In this week’s Sewing In Slippers with Sue, I talked a bit about what gets you stuck in your quilting process. For many of us, picking a color palette is a challenge and can be where we get bogged down and unable to make a decision. There are easy ways to go about it, such as buying a coordinating set of precuts from the same collection. I’d love to share a common method that I use that just may get you unstuck.
I’ve always loved Baltimore Album quilts and I’m so excited that in January 2023 I’ll be introducing the Plain and Fancy Baltimore Blocks. I simply can’t wait! We’ll be putting our own spin on the Baltimore Album quilt which traditionally includes lots of red and green. However, for this project I am relying heavily on my extensive fabric stash, much of which is batiks. I think batiks will lend a contemporary feeling to my Plain and Fancy Baltimore Blocks and provide lots of variety, texture and interest. For those of you who are platinum leaf members, you have access to a pre-recorded class on color theory which is very relevant to this subject. Check it out!
When I was in Texas earlier this month, we did a bit of shopping at the local quilt shop, and I found a fabulous floral fabric that I had to buy. I’m using this large-scale print as my inspiration fabric for my Baltimore blocks project. Actually, I probably won’t use this print in the Baltimore blocks at all. Why not? Well, it is a really large-scale floral with lots going on. What really attracted me to this print was the colors. The background is a salmon pink with some lovely green foliage. It also includes various shades of orange, yellow and dark red. It just hit me as I looked at this print that these are the colors I want to use in my Baltimore blocks. I like the idea of the salmon color and the various greens rather than a bright red and bright green. So this fabric has become my jumping off point for choosing my color palette. Keep in mind, this is just one way of coming up with a color palette. Do what works for you. If you have never tried this method, and you find yourself getting stuck choosing colors, it’s worth a try.
I started off by thinking about my background. A simple choice would be to go with a plain white. However, for this project, I want to add some additional interest by choosing a subtle print. I found a really great fabric with tiny butterflies on it while I was in Texas, but they only had a small amount and it’s an older fabric that’s no longer available. But I have some other ideas for background fabrics. Right now, I don’t have enough of any one fabric for my background so I think I’ll have to make a trip to the store and pick up a large cut of something similar to the butterfly fabric- or as close as I can get.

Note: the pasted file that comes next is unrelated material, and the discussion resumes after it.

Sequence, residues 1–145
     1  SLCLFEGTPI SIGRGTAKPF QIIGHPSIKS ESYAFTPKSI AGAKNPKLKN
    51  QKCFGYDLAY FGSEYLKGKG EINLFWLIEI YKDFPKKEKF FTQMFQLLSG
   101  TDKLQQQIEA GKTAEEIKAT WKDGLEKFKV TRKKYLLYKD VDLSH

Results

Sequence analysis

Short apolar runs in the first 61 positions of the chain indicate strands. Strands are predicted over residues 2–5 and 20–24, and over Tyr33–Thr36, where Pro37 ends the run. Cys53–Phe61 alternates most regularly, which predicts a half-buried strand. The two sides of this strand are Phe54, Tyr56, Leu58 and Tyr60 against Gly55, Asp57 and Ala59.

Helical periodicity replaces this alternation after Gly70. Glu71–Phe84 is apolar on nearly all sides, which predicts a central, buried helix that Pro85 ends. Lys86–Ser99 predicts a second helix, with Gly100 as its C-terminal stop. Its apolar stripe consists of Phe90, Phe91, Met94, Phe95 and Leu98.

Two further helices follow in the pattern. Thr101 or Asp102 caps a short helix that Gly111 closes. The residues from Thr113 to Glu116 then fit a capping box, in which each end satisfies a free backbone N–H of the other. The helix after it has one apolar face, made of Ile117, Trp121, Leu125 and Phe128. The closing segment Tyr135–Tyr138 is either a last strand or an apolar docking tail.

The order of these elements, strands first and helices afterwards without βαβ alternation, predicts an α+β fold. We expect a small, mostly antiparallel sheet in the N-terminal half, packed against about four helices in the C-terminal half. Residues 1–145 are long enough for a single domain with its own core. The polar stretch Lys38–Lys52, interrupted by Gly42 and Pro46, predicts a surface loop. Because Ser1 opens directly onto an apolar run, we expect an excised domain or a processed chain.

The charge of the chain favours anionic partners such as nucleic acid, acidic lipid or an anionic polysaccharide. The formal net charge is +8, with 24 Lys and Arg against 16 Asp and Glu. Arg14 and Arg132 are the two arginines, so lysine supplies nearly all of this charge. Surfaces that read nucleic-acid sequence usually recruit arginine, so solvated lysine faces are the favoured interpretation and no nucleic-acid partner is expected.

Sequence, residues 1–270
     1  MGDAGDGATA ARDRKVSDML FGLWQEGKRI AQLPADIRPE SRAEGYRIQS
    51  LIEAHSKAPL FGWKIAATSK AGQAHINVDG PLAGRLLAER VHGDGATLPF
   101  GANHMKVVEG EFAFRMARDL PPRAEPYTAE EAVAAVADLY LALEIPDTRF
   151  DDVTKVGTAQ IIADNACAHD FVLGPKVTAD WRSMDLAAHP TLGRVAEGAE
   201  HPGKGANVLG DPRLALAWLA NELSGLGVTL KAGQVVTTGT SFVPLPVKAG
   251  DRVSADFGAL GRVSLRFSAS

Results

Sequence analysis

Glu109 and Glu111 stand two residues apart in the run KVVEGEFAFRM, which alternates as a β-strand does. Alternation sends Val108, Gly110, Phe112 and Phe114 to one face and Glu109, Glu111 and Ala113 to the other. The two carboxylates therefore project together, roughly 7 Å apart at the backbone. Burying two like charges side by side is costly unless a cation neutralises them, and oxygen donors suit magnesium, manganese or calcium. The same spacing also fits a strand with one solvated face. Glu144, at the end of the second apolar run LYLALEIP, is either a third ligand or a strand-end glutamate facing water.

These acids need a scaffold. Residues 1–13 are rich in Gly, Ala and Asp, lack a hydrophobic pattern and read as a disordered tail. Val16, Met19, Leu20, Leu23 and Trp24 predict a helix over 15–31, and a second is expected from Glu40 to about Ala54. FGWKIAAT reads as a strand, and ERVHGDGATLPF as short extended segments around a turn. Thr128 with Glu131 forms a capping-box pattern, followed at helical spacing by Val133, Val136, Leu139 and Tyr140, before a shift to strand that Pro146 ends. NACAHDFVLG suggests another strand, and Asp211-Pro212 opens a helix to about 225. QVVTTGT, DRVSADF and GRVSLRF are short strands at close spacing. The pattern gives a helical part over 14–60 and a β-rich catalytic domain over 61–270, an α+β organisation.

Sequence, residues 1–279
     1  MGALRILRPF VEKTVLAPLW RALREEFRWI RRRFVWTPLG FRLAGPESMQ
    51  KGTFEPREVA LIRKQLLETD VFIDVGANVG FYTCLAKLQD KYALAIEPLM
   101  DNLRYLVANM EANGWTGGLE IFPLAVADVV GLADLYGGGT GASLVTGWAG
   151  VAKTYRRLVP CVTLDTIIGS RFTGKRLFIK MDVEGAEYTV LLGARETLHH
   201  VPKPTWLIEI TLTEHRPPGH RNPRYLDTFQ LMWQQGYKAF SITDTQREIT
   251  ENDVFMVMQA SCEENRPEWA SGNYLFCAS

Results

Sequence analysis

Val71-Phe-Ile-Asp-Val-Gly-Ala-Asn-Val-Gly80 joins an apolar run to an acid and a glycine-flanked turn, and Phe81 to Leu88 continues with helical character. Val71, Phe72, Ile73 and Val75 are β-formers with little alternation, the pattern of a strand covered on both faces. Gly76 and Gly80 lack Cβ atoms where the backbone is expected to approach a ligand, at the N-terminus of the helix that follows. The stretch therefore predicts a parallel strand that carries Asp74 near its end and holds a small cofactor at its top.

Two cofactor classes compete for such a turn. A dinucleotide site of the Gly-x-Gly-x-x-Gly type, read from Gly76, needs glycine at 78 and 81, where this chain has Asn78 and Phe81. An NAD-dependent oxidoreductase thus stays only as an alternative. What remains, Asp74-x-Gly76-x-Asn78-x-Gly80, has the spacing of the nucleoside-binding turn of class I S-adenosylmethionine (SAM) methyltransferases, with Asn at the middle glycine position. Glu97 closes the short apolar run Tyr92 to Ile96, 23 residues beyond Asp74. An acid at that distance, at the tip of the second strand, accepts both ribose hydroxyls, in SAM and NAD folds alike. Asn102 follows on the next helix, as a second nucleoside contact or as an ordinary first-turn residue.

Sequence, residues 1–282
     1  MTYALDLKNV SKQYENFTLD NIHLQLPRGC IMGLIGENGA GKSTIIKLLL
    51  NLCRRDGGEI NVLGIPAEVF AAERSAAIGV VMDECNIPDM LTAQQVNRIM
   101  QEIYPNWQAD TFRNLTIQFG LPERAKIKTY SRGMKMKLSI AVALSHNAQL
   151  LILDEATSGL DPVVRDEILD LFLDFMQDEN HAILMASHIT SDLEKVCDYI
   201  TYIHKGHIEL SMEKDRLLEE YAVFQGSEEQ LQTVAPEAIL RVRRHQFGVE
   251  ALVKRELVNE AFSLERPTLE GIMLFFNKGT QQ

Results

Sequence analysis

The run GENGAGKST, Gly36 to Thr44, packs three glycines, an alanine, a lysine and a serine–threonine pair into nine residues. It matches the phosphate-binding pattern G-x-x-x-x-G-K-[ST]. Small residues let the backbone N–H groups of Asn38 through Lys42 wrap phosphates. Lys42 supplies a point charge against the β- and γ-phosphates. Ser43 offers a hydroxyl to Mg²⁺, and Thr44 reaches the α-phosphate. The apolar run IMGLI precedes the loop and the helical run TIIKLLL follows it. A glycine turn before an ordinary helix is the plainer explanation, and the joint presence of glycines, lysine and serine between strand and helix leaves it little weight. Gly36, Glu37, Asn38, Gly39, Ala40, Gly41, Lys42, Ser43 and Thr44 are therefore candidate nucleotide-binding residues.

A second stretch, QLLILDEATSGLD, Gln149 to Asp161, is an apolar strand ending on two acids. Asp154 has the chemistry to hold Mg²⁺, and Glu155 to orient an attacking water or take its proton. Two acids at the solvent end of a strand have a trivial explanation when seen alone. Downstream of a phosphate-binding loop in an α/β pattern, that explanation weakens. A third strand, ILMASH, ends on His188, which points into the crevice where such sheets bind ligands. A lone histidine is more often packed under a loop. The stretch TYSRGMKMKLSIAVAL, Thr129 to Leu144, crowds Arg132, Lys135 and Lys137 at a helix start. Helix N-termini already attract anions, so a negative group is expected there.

The goal is to come up with a limited color palette first. This would include your inspiration fabric, background fabric and a few reds, greens and an accent fabric, which for me will be a dark red. Additionally, I decided to include yellow in my color story as well. Choosing a variety of shades in each color will add a lot of depth to my blocks. I pulled several reds, corals and other shades of reds to audition with my inspiration fabric. As I went along, I set aside the fabrics that seemed to pull from the color scheme and rejected the rest. I also chose a darker red batik for that pop of deep red that I was looking for.
Next, I moved on to the greens. I have a great piece of SewBatik Gradations fabric that has shades of green and yellow in it. It was perfect as it provides a range of color choices all in one piece of fabric. I followed the same process to choose a few greens including some darker shades of green. Some of the fabrics, while not an exact match to my inspiration fabric, were a bridge between two fabrics that were excellent matches, so I added those to the stack as well.
In my opinion, choosing a range of shades rather than the traditional true red and green helps to elevate the color scheme of the quilt to the next level. Continue the process by choosing fabrics that fit between the shades initially identified in your limited color palette. These “in between” colors will help you create a cohesive color story for your quilt.
I hope you enjoy the process of choosing colors for your next project. And don’t forget to tune in Tuesdays at 11:00 EST for Sewing In Slippers with Sue on Facebook.